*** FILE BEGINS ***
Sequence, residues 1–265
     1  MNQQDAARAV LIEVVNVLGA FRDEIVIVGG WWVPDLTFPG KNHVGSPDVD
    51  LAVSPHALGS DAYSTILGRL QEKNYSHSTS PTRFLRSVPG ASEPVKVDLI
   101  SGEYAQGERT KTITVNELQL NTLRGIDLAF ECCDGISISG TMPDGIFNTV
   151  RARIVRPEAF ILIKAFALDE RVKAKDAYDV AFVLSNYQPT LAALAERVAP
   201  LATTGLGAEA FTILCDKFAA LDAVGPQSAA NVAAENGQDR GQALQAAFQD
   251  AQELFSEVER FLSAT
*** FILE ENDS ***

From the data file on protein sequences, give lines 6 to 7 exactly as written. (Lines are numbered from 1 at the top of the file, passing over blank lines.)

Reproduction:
   201  LATTGLGAEA FTILCDKFAA LDAVGPQSAA NVAAENGQDR GQALQAAFQD
   251  AQELFSEVER FLSAT